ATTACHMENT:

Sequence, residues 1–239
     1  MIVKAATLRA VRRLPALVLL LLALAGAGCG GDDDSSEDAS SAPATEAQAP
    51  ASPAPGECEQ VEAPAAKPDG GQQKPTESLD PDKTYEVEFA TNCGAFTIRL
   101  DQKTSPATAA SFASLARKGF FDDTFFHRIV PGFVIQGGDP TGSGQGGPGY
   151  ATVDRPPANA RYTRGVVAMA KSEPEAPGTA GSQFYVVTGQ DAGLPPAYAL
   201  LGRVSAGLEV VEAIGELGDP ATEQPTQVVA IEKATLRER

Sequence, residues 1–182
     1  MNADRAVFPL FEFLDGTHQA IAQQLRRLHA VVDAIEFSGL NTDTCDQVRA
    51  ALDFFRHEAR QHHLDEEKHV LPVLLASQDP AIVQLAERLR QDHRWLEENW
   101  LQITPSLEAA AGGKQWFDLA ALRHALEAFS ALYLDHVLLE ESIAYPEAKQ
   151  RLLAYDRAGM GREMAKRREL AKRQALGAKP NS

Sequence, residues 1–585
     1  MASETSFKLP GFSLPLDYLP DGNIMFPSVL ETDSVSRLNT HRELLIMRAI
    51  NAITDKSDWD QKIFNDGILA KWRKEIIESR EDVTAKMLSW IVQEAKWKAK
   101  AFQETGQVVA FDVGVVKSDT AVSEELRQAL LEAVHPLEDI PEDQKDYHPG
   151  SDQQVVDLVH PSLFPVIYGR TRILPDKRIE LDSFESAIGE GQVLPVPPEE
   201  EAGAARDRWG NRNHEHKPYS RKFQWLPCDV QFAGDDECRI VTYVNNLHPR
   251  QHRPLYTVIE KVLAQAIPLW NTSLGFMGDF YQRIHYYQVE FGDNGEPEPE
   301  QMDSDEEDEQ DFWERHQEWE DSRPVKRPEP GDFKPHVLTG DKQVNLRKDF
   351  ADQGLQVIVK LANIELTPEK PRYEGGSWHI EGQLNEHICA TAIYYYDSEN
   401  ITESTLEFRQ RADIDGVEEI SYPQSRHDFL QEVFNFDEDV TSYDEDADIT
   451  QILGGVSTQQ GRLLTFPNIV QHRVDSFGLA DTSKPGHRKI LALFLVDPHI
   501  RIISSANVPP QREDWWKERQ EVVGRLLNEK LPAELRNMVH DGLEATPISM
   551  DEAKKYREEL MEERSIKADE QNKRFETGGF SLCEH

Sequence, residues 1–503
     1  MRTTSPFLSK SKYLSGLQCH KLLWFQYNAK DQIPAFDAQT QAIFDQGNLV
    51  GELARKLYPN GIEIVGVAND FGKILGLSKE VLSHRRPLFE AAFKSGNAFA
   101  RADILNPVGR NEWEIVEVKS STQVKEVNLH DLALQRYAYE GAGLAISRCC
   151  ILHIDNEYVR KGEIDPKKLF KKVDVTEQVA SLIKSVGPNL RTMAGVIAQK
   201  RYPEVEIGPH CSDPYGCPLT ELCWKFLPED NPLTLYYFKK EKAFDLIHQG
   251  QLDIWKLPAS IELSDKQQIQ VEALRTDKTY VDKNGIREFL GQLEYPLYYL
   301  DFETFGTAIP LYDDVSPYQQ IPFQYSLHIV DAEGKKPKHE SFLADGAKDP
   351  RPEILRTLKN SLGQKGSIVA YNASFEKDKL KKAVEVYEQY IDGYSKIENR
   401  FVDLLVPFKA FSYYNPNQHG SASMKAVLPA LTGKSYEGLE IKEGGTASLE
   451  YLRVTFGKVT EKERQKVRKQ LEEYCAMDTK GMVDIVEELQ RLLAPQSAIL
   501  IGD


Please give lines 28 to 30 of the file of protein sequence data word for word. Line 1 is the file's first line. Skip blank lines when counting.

   101  RADILNPVGR NEWEIVEVKS STQVKEVNLH DLALQRYAYE GAGLAISRCC
   151  ILHIDNEYVR KGEIDPKKLF KKVDVTEQVA SLIKSVGPNL RTMAGVIAQK
   201  RYPEVEIGPH CSDPYGCPLT ELCWKFLPED NPLTLYYFKK EKAFDLIHQG